Reserve well in advance to secure a table at Roscioli, a lively restaurant, salumeria, bakery and deli near Campo de' Fiori. The pastas are impeccably fresh, the meats sliced to order and the atmosphere as pleasing a taste of Rome as Audrey Hepburn on a Vespa. Dive into hulking portions of traditional Roman fare at Trattoria Dal Cavalier Gino at Vicolo Rosini 4 in Sant'Eustachio. Tuck into cacio e pepe and house red alongside chatty locals. Sample Italian food with a Spanish accent at Marzapane, home to a boldly innovative young Iberian chef. For a pause from pasta, sample sushi and streamlined Japanese dishes at Zuma, a modern Japanese restaurant on two floors of Palazzo Fendi, a short walk from the hotel on Via della Fontanella di Borghese.
Though the Eternal City is known for its rich history, cultural significance, and ancient architecture, the embarrassing truth is, my fiancé and I came to Rome for one singular reason: to eat.
We had both travelled to the city before; we’d seen and loved most of the sites, but this time, we had a different agenda. Rather than arrive with a lengthy guidebook or a map of the sites to visit, we came armed with a list of dishes to try. Carciofi alla giudia (deep-fried artichoke), cacio e pepe (spaghetti with cheese and pepper), bucatini all’amatriciana (pasta with a delicious cheesy, tomato-ey, chilli-spiked sauce)…
We’d compiled a menu, and our aim was to sample as much as possible. Our home for the next couple of days, Piazza di Spagna 9 hotel, was situated a short wander from the Spanish Steps, but despite its proximity to one of Rome’s most visited spots, the entrance was unassuming – we walked right past it when we first arrived. It’s incredible that the hotel managed to turn such a bustling attraction into a private retreat for travellers.
We rode a lift three floors up and were greeted by a small, art-filled lobby, and two glasses of ice-cold prosecco. The receptionist, an exceedingly kind American expat, was
expecting us, and gave us the lay of the land. The lobby sitting area feels more like your chic, art-collector friend’s living room, and leads directly into a library with tables set up for breakfast and a window flung open to show off a postcard view of the Spanish Steps. Music wafts in from the piazza below; the entire scene feels impossibly Italian – and almost too perfect – the hotel feels comfortable and welcoming.
With just six rooms, the hotel is more like a private residence. We learn that, while the stay is first and foremost a home-base for travellers, it mainly operates as an art gallery, with a rotating programme of installations and displays. The artwork, consisting of a number of limited, bespoke pieces, is all for sale, so you can take a little bit of Rome home with you.
Our glasses now empty, we stow our luggage in our room, and make a beeline for Trastevere, a neighborhood that holds many of the city’s myriad culinary stars. The streets are narrower here and it feels less touristy (you overhear people speaking Italian more than in other parts of the city), and the pace seems to slow. We were eager to try classic Italian eatery, Roma Sparita; here, we share a bottle of local white wine, and order two bowls of their famed cacio e pepe, along with some grilled vegetables (all harvested from the country beyond Rome) – a half-hearted nod to health… The pasta arrives in a bowl made entirely out of baked parmesan cheese – the sight nearly brings a tear to my fiancé’s eyes. The richness. The creaminess. The peppery perfection… The dish encapsulates what Rome is all about.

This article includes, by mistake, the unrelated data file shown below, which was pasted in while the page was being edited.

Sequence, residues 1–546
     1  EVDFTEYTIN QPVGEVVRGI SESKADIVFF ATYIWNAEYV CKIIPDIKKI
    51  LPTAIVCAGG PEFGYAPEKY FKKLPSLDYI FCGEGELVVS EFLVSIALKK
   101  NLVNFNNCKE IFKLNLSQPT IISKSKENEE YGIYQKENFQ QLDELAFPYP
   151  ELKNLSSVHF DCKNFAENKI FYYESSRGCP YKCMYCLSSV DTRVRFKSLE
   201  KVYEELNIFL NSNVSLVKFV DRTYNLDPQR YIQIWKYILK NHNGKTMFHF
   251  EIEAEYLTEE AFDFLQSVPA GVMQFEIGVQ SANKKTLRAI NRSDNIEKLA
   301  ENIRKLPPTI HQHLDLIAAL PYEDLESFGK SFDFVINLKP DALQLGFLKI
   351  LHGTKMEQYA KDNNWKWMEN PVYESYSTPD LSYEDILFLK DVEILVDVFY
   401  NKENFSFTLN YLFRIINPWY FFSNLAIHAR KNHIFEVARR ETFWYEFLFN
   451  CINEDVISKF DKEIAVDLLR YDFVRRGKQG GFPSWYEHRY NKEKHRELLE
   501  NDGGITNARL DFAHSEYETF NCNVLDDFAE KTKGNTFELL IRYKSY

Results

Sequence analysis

Afterwards – full and happy – we wander around the neighborhood, stopping for an Aperol spritz here and an order of Roman-style stuffed artichokes there. It’s exactly the kind of day we’d hoped for: sunny, and filled with lively conversation, lots of wine, and even more food… We round out our evening with a trip to the Giardino degli Aranci, a romantic leafy enclave perfumed with the citrus scent of the namesake orange trees dotting the grounds. Here, we watch the sun set over the city.
For this evening’s feasting, we decide on a small, quiet dinner near the hotel. We head back to our neighborhood, and stumble on quaint, laid-back Cantina Belsiana for some cheese and charcuterie, followed by lasagna. Despite the fact that Piazza di Spagna 9 is situated in one of Rome’s more upmarket neighbourhoods (Valentino and Bulgari stores are just a handbag toss away), it’s easy to find small, low-key cafés and restaurants hidden from the crowds. On returning to the hotel, we find it quiet and low lit with candles it feels like we’re coming home to our own Roman apartment. In the dining area, staff have set up a tray bearing whisky, grappa and assorted mixers for guests wanting a nightcap. Already giddy, we demur, and retire for the night with happy hearts and full bellies.
To our surprise, the hotel has a full breakfast prepared and ready for us the following morning. We chat with some fellow guests, and sip espressos, and freshly squeezed orange juice, devouring thin slices of cotto di Parma and salumi, croissants and French toast. Appetites sated, our plan was to stop by the hotel’s spa after breakfast for a bit of R&R. Despite the previous day’s gluttony, we’d walked several miles, so it was bliss to soak our sore muscles in the Jacuzzi.
The spa is hidden away in the hotel, which makes it feel ultra private. The well-kitted-out spa room has a hammam and two-person Jacuzzi; the space is lit by candles, decorated with orchids and essential-oil diffusers perfume the room with locally made oils. One relaxing hour later, it was time to head back into the city for one more day of exploring, laughter, and – of course – more cacio e pepe.